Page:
Renovations are a great way to add value to your home or investment property. Plan your renovation carefully so you don’t waste time or money. It’s a good idea to keep a scrapbook of ideas, gathered from magazines, books and the internet, to firm up the look and feel you want in your home.
You might have heard of ‘overcapitalisation’ – when the money or time you’re spending is greater than the return you’re likely to receive. It’s important to find a balance between the work you’re doing and the increase in value to avoid overcapitalising.
But remember to always keep the market in mind – think about what a potential buyer might be looking for in your area and price bracket. The perceived value of the improvements you make, if done well, will exceed the actual cost of making them.
1. A fresh lick of paint
Nothing improves a home quicker than a fresh coat of paint. Choose your colour carefully, taking into account that neutrals can make life easier when it’s time to sell. If you can afford it, hire a professional painter to do the job. If you want to do it yourself to cut costs, speak to a reputable paint store for expert advice. They can even help you with colour choices – inside and out.
2. Update your kitchen
If the kitchen is the heart of the home, then it’s a smart move to make sure your kitchen looks and feels the best it can. A kitchen can make or break a sale, so it’s important to do this room justice and plan carefully. As a guide, for a property valued at $500,000, you should spend about $10,000. Any more than that and you may be overcapitalising. Look for fixtures and finishes that won’t date and will wear well over time. Aim to make your kitchen area look as large and spacious as possible using clever design and colour. Look at what is trending at the moment in kitchens, but don’t get swept away by the latest and greatest appliances and fittings if you’re nearing the top end of your budget.
3. Upgrade the bathroom
Similar to the kitchen, the bathroom is an important room for buyers, with a guideline of spending $7,500 for a property valued at $500,000. But you may not need to spend that much. Take a look at your existing bathroom and work out if smaller changes like updating the fixtures, vanity, shower screens or toilet might make a difference to the overall look and feel. Refreshing the tiles with paint and re-grouting can also give a completely new look for a smaller budget. If you need a complete overhaul, want to move the bathroom closer to the bedroom, or are changing the plumbing layout, you should expect to pay more. Do your research into what buyers want and choose timeless colours and fittings, installed by a reputable tradesperson.
4. Create more space
Knocking out a wall or two to create open plan living will add a feeling of space and light, especially if your property is older, when architectural styles featured smaller rooms and closed spaces. It’s important to check for structural issues before starting any work. A qualified tradesperson can advise whether your plans are feasible and if your walls are load-bearing or not. It’s important to get a full quote on the work upfront, in case there are any surprises or extra work required to make the new space structurally sound.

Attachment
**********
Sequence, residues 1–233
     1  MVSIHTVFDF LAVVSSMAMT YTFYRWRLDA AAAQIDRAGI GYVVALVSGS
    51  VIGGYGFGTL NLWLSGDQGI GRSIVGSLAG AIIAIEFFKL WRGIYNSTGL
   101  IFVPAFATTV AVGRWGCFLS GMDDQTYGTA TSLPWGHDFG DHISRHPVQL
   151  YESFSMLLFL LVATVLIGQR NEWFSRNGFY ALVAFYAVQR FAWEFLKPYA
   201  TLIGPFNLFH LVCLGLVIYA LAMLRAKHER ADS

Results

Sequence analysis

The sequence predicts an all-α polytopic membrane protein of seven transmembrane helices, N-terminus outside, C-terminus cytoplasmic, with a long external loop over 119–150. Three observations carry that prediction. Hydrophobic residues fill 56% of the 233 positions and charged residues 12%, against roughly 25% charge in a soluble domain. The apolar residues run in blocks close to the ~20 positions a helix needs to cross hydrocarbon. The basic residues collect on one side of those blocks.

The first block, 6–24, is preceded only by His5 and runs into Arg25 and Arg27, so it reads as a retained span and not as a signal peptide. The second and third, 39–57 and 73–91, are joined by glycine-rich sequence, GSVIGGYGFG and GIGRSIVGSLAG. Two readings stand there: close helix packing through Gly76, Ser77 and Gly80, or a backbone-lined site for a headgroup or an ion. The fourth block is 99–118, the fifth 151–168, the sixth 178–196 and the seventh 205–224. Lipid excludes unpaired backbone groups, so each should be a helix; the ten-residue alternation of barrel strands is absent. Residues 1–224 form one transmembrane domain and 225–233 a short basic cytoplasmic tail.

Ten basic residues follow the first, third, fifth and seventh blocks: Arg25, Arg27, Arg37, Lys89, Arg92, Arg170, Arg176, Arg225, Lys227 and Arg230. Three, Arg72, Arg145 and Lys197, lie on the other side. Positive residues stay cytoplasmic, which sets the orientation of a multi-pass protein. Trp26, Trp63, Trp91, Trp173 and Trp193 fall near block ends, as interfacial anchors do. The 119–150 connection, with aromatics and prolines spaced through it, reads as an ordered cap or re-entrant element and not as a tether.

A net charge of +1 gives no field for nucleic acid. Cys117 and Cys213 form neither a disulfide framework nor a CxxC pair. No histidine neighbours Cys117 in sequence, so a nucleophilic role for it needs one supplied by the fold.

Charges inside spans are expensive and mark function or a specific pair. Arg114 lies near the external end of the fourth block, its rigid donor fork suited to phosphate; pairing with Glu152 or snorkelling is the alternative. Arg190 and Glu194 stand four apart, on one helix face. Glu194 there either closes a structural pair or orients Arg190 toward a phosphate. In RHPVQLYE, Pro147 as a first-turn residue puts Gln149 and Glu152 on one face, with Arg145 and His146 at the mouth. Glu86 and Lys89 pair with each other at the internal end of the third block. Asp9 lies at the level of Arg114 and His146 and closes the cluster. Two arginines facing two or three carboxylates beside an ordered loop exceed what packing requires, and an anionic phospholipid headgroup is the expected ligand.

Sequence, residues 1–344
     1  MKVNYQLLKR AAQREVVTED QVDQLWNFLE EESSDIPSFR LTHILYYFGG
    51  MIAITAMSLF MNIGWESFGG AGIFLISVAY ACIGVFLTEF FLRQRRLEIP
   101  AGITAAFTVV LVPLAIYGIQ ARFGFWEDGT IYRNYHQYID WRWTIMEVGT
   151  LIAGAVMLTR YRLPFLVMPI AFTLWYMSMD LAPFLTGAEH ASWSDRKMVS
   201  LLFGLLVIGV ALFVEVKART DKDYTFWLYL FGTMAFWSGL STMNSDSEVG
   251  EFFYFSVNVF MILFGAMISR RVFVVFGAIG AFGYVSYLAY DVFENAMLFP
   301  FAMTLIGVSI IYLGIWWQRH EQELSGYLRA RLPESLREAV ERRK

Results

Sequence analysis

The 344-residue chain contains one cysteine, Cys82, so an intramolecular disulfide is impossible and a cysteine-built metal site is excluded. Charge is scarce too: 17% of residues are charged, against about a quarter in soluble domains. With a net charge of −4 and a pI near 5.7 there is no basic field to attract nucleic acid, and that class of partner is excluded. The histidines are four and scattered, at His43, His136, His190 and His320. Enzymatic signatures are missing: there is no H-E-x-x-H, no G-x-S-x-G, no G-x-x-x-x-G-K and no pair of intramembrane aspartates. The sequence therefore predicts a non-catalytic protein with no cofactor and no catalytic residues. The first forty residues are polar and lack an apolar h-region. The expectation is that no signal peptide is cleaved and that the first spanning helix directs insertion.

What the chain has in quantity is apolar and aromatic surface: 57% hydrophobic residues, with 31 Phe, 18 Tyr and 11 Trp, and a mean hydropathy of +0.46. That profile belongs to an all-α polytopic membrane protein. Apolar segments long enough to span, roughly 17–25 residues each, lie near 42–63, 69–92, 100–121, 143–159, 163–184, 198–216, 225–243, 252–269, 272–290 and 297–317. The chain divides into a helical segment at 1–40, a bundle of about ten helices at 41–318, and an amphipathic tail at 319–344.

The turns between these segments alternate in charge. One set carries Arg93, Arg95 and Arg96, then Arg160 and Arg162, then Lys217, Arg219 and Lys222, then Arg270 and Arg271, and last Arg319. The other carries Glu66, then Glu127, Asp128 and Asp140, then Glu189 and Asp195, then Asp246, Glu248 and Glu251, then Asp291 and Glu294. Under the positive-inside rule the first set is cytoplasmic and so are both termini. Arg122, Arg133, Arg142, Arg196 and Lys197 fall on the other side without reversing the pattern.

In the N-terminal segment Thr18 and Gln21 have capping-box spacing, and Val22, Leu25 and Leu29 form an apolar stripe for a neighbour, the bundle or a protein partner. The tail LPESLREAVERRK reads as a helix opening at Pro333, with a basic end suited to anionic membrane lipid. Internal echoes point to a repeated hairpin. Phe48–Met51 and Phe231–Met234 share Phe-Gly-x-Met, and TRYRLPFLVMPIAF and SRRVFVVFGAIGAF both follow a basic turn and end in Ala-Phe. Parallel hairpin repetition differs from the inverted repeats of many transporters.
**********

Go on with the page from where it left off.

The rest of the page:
5. Create an outdoor entertaining space
Australians love to live life outside, so creating an outdoor haven for barbecues and get-togethers is a great investment. You might already have a space that just needs updating with a few new plants or paving. Simple ideas like painting an otherwise boring fence in a contemporary colour like charcoal, can give a new look for a small outlay. For others, you might need to create a space using clever landscaping, building a deck or even installing a pool. Sustainable plants and watering methods will also attract buyers as the world wises up to drought-proofing. Talk to a qualified landscaper or builder to get an idea of what you can do with your space.
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"How does the buying process work, and how will I know what to expect next?"
What happens once the hammer falls?Here are the five steps to get you from home buyer to home owner.
Sign contract and pay deposit
It is important your conveyancer or solicitor inspects the contract of sale before you sign.
If buying at auction, you’ll sign the contract and pay a deposit (usually 10%) on the spot.
If buying through a private sale, you may pay a holding deposit of between $500 and $1000 to show good faith. You’ll then pay a larger deposit (usually 10%) when you sign the contract.
A private sale contract may include a cooling-off period, which enables you to change your mind and withdraw from the contract. You should check with your conveyancer or solicitor if a cooling-off period applied before exchanging contracts. It’s important to note that the length of cooling-off periods varies by state.
Your lender will perform checks, which may include a property valuation, before approving the loan and issuing a loan contract.
In the days preceding settlement, you should conduct a final property inspection to ensure all is as the contract states, and that the property and its fixtures and fittings are in good shape.
On the day of settlement, you must pay the balance to the seller. Your conveyancer or solicitor will organise the transaction, plus the payment of additional costs such as utility adjustments and legal fees.
Title deeds (if any) and mortgages will be registered at the lands office in your state or territory.
Finally, you get the keys!
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Rachael Bland – Founder & CEO